Los Angeles-based artist Anna Dellaria released her latest single “Mama Said” on August 27th.
The anthemic single was written by Dellaria and produced by Brian Jones. Fusing elements of pop, rock and r&b, “Mama Said” is a powerful record about self-love and authenticity.
“I wrote "Mama Said" as a way to reclaim the power in being authentic and unique. Although I may not feel that strong and empowered every day, it's nice to have a reminder of the moments that sometimes occur when I do feel that I'm enough and that I shouldn't be afraid to be authentically myself,” says Dellaria.
Coming from a broken home, the San Francisco-native used music as an escape. Accepted into USC’s prestigious Thornton School of Music, the singer/songwriter crafter her vocal abilities by getting inspiration from artists like Aretha Franklin, Stevie Wonder and Beyoncé. She then caught the attention of Lenny Waronker and Rob Cavallo while performing backup vocals for John Fogerty, Chaka Khan and more.
“Mama Said” follows up the single “At My Worst” released earlier this year. Showcasing big vocals with catchy pop/r&b records, Anna Dellaria is an empowering artist spreading the message of self-love and uniqueness.
“Mama Said” is now available on major streaming platforms.
I'm a Pop/R&B Singer-Songwriter originally from The Bay Area, now based in Los Angeles.
When did you start singing?
I've been singing since I can remember! Humming melodies all over the place. I'd say I started really singing around the age of 6 when I'd put on little shows for family and friends.
Growing up, what were your favorite records to sing along to?
Definitely was obsessed with Beyonce and Tori Kelly. I loved the riffs and complexities of their voices, so I'd sing and repeat the same ones. I also loved Amy Winehouse and Aretha Franklin in addition to Stevie Wonder (all of Talking Book and Songs in the Key of Life!). Anything that offered a challenge was really what kept my attention in terms of singing.
Do you remember the first album you ever bought?
Honestly, my earliest memories of music, or even playing recorded music is rooted in waking up and hearing my mom prepare for her fitness classes with an eclectic playlist of all kinds of music! It was always a surprise. The next "purchase" of music was definitely via HitClips if anyone remembers those haha! I think one of the first CD's that I ever bought was likely the Soundtrack to "Dreamgirls".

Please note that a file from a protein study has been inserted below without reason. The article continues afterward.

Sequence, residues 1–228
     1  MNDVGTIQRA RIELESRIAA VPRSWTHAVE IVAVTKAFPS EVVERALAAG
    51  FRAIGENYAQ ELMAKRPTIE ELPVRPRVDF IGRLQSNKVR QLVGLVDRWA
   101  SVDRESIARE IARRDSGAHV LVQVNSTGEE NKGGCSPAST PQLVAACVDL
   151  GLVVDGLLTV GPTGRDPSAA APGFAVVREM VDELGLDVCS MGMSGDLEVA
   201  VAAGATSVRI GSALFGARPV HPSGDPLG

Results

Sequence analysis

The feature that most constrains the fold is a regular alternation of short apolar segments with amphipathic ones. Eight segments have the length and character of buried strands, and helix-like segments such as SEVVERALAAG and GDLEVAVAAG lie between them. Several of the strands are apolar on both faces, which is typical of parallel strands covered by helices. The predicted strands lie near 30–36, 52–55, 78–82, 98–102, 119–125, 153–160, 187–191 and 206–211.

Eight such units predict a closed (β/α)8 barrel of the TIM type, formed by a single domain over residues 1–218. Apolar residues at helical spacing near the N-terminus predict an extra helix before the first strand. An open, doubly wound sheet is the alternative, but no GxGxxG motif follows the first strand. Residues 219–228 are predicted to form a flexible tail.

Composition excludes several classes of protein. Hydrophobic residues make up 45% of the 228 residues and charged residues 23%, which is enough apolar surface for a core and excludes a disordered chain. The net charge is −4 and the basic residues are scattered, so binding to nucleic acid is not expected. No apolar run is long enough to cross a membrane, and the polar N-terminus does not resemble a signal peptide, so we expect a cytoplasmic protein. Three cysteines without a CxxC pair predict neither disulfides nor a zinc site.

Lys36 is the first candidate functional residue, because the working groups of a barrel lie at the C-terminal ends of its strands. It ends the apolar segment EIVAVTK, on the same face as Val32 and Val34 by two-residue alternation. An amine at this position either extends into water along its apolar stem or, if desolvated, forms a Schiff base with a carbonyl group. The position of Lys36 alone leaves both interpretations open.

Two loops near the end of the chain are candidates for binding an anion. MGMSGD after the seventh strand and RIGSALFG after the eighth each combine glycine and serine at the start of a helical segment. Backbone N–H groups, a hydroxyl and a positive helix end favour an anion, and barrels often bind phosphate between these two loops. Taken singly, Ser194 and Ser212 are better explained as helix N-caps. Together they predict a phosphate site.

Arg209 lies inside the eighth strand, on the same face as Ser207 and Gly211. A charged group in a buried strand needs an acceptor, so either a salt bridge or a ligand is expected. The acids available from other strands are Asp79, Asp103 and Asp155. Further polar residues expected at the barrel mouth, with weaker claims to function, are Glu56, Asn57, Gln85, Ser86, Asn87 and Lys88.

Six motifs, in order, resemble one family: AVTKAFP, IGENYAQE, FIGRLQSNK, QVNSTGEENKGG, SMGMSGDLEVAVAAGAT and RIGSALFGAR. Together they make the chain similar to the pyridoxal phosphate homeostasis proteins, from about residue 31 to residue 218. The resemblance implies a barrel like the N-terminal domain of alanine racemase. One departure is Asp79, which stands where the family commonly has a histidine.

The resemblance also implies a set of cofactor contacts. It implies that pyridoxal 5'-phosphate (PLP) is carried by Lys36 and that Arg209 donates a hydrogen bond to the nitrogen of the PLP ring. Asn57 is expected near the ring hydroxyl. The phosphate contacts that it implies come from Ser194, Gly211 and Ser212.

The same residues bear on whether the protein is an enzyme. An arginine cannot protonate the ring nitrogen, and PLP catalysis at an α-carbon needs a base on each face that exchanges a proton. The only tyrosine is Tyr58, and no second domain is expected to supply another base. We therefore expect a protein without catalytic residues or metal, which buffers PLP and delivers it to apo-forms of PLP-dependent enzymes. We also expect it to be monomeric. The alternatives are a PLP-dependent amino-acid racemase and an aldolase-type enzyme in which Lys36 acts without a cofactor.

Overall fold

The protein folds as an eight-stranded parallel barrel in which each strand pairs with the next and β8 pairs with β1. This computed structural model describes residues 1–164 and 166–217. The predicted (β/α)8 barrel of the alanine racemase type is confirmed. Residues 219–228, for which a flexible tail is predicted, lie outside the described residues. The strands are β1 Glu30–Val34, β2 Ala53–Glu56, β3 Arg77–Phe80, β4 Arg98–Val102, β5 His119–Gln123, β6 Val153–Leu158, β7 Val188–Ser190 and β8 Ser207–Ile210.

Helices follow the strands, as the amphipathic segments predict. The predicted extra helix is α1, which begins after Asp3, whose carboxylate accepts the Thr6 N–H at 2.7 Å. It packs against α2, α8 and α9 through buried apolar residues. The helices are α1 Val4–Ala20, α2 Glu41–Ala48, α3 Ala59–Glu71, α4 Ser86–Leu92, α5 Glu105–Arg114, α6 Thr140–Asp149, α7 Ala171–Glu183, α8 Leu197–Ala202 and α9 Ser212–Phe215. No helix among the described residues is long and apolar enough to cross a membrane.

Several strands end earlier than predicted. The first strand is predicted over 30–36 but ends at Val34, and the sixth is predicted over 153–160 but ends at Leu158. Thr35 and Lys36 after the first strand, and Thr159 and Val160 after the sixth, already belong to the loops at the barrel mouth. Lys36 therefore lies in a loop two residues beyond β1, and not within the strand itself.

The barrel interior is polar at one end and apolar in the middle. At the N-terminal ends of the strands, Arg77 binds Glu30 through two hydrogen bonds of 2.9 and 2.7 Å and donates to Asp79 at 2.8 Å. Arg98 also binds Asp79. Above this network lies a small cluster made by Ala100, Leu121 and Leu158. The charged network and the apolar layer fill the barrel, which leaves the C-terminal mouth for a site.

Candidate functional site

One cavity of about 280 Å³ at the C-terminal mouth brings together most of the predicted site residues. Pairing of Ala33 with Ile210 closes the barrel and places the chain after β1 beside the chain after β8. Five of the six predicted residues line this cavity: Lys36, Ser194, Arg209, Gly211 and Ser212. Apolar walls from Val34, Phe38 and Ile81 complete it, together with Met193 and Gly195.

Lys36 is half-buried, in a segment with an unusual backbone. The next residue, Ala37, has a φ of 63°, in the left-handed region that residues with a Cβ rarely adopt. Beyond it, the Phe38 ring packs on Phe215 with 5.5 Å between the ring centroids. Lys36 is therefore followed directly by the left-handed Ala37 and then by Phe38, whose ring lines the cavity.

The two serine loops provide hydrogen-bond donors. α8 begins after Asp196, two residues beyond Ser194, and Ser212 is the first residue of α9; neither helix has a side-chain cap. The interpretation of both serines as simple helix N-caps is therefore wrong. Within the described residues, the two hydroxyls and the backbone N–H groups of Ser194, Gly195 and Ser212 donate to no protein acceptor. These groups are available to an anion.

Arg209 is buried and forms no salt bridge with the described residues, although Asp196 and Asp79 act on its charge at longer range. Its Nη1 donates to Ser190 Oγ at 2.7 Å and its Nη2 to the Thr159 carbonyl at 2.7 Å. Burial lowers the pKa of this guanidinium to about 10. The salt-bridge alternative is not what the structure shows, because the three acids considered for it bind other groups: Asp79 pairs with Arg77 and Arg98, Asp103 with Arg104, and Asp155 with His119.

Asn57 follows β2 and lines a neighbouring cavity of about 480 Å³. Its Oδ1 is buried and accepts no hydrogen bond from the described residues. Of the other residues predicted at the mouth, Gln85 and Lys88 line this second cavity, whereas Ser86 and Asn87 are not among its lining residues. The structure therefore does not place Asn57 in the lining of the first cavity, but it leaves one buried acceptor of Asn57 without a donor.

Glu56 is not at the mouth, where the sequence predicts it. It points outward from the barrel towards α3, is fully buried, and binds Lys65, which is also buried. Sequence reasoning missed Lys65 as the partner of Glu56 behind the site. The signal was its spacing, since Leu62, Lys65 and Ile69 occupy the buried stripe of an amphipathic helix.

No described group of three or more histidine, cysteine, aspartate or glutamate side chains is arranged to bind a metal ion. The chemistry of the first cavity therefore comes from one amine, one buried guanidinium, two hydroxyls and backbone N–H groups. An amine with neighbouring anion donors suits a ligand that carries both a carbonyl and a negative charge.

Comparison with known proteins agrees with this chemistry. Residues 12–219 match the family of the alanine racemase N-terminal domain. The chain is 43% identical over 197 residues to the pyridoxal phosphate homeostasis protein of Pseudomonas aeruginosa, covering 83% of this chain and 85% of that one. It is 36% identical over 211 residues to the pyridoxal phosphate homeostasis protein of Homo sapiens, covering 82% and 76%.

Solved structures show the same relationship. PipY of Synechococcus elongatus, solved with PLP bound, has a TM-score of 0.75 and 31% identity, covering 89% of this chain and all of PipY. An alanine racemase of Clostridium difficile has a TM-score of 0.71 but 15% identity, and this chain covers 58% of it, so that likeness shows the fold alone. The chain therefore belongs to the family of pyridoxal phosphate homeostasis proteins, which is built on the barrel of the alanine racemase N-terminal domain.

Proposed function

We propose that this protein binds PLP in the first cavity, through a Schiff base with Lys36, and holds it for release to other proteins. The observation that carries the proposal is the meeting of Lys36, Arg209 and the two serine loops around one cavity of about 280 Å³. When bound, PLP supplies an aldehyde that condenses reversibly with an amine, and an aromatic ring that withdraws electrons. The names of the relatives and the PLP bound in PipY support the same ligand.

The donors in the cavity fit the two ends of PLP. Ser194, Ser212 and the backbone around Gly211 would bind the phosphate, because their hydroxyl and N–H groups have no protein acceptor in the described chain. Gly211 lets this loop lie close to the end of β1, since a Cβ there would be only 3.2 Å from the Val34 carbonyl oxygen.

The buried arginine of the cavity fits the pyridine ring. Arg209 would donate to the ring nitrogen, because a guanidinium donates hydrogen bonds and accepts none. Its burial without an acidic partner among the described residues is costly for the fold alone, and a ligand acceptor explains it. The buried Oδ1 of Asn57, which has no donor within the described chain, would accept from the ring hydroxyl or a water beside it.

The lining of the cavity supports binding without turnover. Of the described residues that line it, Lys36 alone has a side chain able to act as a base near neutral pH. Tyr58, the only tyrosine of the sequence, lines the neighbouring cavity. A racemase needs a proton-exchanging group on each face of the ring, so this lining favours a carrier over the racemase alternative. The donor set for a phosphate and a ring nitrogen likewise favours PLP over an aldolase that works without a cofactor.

When did you start writing songs? What made you want to write songs in the first place?
I started putting lyrics to all the melodies floating around when I was about 11. I had dabbled in piano and loved that I could finally put the harmony that I was hearing in my head to the melody I would be singing. Then I started writing poetry and putting those words to the melodies.
Songwriting has always captivated me in that it allows pure expression and creative freedom. It's the intertwinement of elements coming together to tell a story that will relate and connect to people somehow, and that to me was really incredible. It's also just simply been the only place and way I've found I can express myself freely!
What did your experiences as a backup singer teach you as a performer?
It reminded me that each song and performance has an intention, and my job is to enable that intention or help create that experience for the listener. So if a song requires simplicity - then that's what I need to focus in on in order to allow the emotion and story to come through vs. constantly trying to "showcase" something or prove my worth. Simplicity can be key.
What gave you the confidence to be an artist and release your original music?
I don't know if I ever got a sudden burst of confidence, as much as it was more so just this fire inside that I knew was only going to get bigger and more forceful and so I had to pursue my own artistry. Otherwise, it would've taken over some other way. However, I do find a lot of joy in writing for other projects and helping bring other stories to life that aren't necessarily so directly attached to my project.
Who was the first person to ever believe in you?
I'd say my older sister Lyndsie. My pursuit of a professional career in music wasn't supported initially by family. Retrospectively, I understand - this business and industry are really hard and there are no guarantees, which can be scary for a parent to encourage any child to go into haha. My older sister, however, was always so supportive and letting everyone know that I was going to pursue this one way or another because I had this ability. She's like the most radiant light you can imagine haha.